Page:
By Steph Skardal
July 11, 2011
Over the weekend, I dug into Google+ a bit. I wanted to share a few notes about the experience with my coworkers and the world.
Google has done a great job on performance from what I can tell. They’ve followed their own recommendations on optimization by doing things like implementing CSS sprites, caching static assets, and gzipping content. I can’t do performance tests on my authenticated account at WebPageTest.org, but the perceived performance is great.
Parts of the user interface look similar to Facebook. But Google deviated from their norm of utilitarian/pragmatic design according to this article, and I appreciate their focus on aesthetics here. This combined with the speed makes for a delightful user experience.
Google offers limited sharing functionality with what they call “Circles”, similar to Facebook groups. In my case, I have the following circles:
- End Point
- Web People (professional contacts)
Circles are integrated into every part of Google+, which makes it easy to limit posts, photos, videos or other content to individuals or circles. In addition to limiting sharing permissions, you can also limit viewing “Stream” (akin to Facebook’s News Feed) activity to circles; for example, I might only be interested in looking at my “Friends” stream on the weekend, while I might be more inclined to look at my “End Point” stream during the week when I’m in work mode :)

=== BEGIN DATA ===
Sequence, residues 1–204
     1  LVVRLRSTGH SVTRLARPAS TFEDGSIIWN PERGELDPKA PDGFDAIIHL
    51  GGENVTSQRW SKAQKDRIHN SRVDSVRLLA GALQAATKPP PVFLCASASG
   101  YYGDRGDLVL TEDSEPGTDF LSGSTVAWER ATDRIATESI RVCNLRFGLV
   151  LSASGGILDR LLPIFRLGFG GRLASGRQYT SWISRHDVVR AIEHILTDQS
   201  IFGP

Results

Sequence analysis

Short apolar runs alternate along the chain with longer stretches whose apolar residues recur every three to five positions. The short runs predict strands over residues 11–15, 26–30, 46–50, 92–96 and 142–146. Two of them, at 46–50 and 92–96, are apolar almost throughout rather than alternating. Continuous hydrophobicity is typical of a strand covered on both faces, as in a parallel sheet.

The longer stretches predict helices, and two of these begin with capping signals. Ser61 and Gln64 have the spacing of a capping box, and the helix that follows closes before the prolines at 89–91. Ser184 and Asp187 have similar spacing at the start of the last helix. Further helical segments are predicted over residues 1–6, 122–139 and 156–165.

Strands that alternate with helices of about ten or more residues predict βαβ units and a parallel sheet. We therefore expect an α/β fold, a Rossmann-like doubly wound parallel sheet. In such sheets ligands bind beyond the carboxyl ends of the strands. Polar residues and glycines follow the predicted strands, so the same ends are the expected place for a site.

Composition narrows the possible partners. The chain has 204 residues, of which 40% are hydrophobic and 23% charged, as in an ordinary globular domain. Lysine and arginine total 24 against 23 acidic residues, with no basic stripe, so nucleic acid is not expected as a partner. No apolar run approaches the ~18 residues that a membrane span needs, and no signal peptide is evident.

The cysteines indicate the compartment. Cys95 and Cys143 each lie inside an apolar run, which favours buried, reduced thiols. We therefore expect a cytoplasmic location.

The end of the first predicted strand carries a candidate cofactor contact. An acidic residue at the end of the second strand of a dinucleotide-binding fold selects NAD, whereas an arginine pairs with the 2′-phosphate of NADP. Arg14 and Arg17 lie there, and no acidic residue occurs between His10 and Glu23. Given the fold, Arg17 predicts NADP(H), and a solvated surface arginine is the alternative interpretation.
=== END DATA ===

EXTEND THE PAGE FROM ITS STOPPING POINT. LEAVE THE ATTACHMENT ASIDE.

Conference Calling or “Hangouts”
Yesterday, I tried Google Hangouts with a friend from my Windows laptop. I was required to install software on my laptop to run the chat app. Hangouts are similar to Skype video conferencing but are currently limited to 10 people. The quality of the conference call was comparable to Skype and this feature is an obvious competitor to Skype. Skype has always been a bit finicky on Ubuntu, so hangouts will be a clear replacement for me here if it runs smoothly on my Ubuntu laptop(s). I expect the conference calling feature set to grow over time — it’ll be interesting to see what comes out.
Jon mentioned that the Android app for Google+ is nice. I haven’t examined Sparks much, but it is similar to sharing in Facebook. I also just read that the iPhone app for Google+ is on its way (from a Google+ contact). Finally, I’d consider shifting my photo backups from Flickr to Picasa if future Picasa updates justify the switch, which would allow me to easily share and tag photos, as well as back-up those 2-3 MB photos!
I’m impressed with the speed and usability of Google+. I’m interested to see the upcoming features and equally as interested to see how much cross-posting is going to happen between Google+ and Facebook, brought up by Dave Jenkins, who has also written about Google+ after he received an early invite.